Thursday, August 22, 2013

George Mason and His Eponyms

By Frank Barker
Assistant Education Coordinator

Eponym (noun)
1 : one for whom or which something is or is believed to be named
2 : a name (as of a drug or a disease) based on or derived from an eponym

One measure of a person’s fame may be when he has something named in his honor. That “other George” who lived up the river from Gunston Hall (you know the one: first President, slept in a lot of places, fought a war) has his share of eponyms. A state. Counties in 31 states, including Maryland and Virginia. Cities, including the Nation’s Capital. A plethora of roads, monuments, boulevards, bridges, subdivisions, parks, a submarine, an aircraft carrier—just spending $1.25 you might see the man’s picture twice on a bill and a coin. The man even has an asteroid named in his honor.

But our man George, the master of Gunston Hall, for a man sometimes known as the “forgotten founder,” has his fair share of eponymous fame.

The Commonwealth of Virginia, for example, named two counties in Virginia after George Mason.

George Mason Postcard with an
eponymous stamp, issued in 1981.

The first Mason County was established by the General Assembly in 1788, and was formed from part of Bourbon County, way out west in the Kentucky District of Virginia. Unfortunately, Kentucky became a state in 1792 and took Mason County with it.

But Virginia knew the importance of the man from Gunston Hall, so in 1804, another Mason County was formed in the western part of the state from parts of Kanawha County. That county stayed in Virginia until 1863 when West Virginia, having voted against secession from the Union, seceded from Virginia and became a state in its own right, taking Mason County with it.

So while George Washington was honored with only one Virginia county, George Mason was honored with counties by the people of Virginia twice. Virginia just couldn’t hang on to either of them.

Along with Mason County, Kentucky; and Mason County, West Virginia; Illinois also has a Mason County named for George Mason in 1841. Mason County, Texas, was named for Fort Mason, which was named for Lt. George Thomson Mason, son of George Mason VI, who was named for George Mason V, who was named for our George Mason IV of Gunston Hall.

Mason County, Michigan, while not named for George Mason, was named for Michigan Governor Stevens Thomson Mason, who was George Mason’s great-grandnephew.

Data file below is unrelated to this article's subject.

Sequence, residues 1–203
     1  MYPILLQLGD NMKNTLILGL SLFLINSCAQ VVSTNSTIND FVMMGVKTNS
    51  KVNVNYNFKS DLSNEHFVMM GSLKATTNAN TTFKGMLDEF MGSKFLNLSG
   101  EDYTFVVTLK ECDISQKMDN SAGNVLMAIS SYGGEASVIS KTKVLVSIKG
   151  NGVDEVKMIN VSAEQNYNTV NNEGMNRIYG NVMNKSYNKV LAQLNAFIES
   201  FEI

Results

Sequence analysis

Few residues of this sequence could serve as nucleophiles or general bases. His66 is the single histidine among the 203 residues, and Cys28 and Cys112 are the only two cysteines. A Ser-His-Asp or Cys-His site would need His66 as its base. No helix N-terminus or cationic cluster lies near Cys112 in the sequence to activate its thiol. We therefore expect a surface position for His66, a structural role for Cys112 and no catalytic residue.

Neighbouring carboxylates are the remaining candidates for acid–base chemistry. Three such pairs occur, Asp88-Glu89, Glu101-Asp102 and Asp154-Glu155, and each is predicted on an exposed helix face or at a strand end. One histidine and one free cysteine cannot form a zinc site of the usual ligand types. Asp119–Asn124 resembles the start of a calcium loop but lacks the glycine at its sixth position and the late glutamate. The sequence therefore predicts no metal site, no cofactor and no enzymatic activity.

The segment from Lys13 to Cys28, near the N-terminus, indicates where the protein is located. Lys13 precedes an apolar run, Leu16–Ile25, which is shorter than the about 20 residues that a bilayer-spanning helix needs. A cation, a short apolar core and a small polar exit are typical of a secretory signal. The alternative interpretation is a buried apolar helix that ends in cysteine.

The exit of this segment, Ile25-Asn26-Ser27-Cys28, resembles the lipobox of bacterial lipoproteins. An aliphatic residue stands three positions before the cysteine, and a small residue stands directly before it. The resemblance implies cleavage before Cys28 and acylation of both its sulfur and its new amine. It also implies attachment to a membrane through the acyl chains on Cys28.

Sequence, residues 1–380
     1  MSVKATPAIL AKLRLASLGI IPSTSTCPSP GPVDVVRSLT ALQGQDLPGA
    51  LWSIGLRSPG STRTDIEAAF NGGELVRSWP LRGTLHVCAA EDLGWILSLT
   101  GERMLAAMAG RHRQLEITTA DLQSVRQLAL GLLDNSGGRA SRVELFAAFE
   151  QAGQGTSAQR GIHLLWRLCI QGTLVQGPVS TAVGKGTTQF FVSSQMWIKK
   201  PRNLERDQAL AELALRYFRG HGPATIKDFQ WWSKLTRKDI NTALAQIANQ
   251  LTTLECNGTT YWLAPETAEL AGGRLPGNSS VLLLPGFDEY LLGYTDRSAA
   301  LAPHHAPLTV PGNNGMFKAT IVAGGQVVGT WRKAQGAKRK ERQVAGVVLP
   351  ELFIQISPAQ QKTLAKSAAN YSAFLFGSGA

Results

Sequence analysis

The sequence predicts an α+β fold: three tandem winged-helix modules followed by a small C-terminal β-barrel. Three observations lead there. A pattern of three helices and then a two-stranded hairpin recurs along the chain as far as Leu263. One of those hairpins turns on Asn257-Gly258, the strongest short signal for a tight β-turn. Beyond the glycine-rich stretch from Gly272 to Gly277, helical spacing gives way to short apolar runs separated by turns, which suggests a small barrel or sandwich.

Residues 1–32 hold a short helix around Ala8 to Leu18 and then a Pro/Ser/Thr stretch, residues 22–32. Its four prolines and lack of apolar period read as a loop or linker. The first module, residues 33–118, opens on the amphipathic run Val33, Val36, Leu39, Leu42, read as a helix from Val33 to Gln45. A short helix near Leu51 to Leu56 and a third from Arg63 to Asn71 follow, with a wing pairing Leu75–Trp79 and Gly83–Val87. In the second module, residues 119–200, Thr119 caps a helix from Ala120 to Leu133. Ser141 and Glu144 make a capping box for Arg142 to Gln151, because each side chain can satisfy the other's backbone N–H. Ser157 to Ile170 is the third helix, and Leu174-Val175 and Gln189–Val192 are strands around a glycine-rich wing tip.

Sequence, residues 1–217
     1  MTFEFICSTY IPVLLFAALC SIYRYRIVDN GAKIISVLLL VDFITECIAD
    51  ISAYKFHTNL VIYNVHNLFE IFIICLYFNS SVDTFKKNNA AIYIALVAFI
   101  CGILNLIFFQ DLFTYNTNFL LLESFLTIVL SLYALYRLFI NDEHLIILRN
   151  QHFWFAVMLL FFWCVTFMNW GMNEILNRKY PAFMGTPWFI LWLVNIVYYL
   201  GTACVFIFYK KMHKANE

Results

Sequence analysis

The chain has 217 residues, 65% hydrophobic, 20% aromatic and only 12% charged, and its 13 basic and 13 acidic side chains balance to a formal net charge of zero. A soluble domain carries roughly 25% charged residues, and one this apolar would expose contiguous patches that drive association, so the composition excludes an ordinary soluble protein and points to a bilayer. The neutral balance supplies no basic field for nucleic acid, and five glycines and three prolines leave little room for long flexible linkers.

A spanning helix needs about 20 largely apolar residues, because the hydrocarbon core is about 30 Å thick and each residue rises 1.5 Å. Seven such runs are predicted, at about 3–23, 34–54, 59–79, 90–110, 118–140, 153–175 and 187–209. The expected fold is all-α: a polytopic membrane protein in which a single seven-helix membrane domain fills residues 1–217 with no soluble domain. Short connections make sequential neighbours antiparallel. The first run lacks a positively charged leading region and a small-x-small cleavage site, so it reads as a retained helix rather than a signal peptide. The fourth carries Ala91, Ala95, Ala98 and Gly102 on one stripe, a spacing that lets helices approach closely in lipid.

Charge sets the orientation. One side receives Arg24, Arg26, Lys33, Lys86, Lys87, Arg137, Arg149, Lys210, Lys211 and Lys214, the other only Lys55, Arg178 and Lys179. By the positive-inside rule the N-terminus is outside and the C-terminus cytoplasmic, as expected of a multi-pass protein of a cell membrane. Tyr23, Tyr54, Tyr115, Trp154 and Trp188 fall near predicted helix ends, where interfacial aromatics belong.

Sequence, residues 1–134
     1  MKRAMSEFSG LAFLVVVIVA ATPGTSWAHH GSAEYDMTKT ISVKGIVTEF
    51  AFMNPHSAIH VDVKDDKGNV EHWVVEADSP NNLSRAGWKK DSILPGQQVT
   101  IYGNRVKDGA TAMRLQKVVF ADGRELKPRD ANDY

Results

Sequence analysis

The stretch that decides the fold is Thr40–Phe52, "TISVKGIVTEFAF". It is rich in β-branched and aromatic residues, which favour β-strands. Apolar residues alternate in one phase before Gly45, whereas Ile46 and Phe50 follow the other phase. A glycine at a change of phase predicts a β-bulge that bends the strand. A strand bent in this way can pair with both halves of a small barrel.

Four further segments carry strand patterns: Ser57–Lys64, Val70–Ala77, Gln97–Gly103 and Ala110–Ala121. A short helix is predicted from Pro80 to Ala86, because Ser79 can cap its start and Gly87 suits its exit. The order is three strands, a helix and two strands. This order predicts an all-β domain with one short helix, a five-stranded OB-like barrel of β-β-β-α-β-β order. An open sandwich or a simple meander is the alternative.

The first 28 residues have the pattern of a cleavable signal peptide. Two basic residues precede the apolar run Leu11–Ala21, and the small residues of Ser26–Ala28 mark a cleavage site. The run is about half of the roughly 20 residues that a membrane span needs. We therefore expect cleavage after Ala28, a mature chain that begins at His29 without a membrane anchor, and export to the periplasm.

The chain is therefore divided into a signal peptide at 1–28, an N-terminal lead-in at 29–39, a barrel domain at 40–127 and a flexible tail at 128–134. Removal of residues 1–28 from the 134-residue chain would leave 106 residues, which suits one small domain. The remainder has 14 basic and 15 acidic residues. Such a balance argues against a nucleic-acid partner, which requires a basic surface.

George Mason University, Center for Performing Arts
Also named for George Mason are:
  • George Mason University (founded as a branch of the University of Virginia in 1957, it became an independent institution in 1972.)
  • George Mason High School in Falls Church, VA (1952)
  • George Mason Elementary School in Richmond (1909)
  • George Mason Elementary School in Alexandria (1939)
  • The George Mason Award—since 1964 this annual award has been given by the Virginia Pro Chapter of the Society of Professional Journalists to a person who has made a significant contribution to journalism in Virginia.
  • George Mason Memorial Bridge (1962. This is the southbound span of the five bridges linking Virginia with Washington, D.C., collectively known as the “14th Street Bridge”)
  • Grandchildren
    • George Mason VI (son of George Mason V)
    • George Mason of Hollin Hall (son of William)
    • George William Mason (son of Thomson)
    • George Mason McCarty (son of Sarah Eilbeck Mason McCarty)
    • George Mason Cooke (son of Mary Thomson Mason Cook)

Guides and docents at Gunston Hall often get questions about other possible Mason namesakes such as:

Mason-Dixon Line—Not our guy. This line separating north from south is named for English astronomer/surveyor Charles Mason.

Mason jar—Again, not our Mason. This was invented by Philadelphia tinsmith John Landis Mason in 1858.

Masonite—This particle board building product was invented in 1924 by William H. Mason.

James Mason—English actor who played Capt. Nemo in 20,000 Leagues under the Sea. No relation.

USS Mason—Though the U.S. Navy does have a destroyer named USS Mason, it is not named for George Mason. However, there is an amphibious assault ship named for Mason’s home, USS Gunston Hall, LSD-44. And what about the USS Mount Vernon, LSD-39. Decommissioned in 2003! Take that, George Washington!

“George Mason.” Wikipedia. Wikimedia Foundation, 22 July 2013. Web. 26 July 2013.
“Eponym.” Merriam-Webster. Merriam-Webster, n.d. Web. 02 Aug. 2013.
“Mason County, Kentucky, Miscellany & Links.” N.p., n.d. Web. 26 July 2013.
Robinson, Morgan P. "Virginia Counties:Those Resulting from Virginia Legislation.” Bulletin of the Virginia State Library.
     Volume 9. January, April, July, 1916.Richmond: Superintendent of Public Printing. Google Books. Web. 26 July 2013.
“The International Astronomical Union Minor Planet Center.” IAU Minor Planet Center. N.p., n.d. Web. 06 Aug. 2013.
“The SPJVA Blog.” The SPJVA Blog. N.p., n.d. Web. 02 Aug. 2013. <>.

1 comment:

  1. I think Mason County, WV was named for Stevens Thomson Mason (STM). STM was the United States Senator from Virginia who died May 10, 1803. The Va. General Assembly elected Abraham B. Venable to fill the unexpired Senate term on December 7, 1803, just twenty-six days before passing legislation creating Mason County on January 2, 1804. I think it is more likely that STM, a recently deceased colleague, was on their minds, rather than George Mason, who had be dead for almost twelve years. Hugh Blair Grigsby, President of the Va. Historical Society, mentioned STM as the eponym for Mason County in his "History of the Virginia Federal Convention of 1788", 1890 on page 24 (footnote 29). Also, Kate Mason Rowland, said Mason County (1804) was named for STM on page 181, volume 1 of "The Life of George Mason, 1725-1792.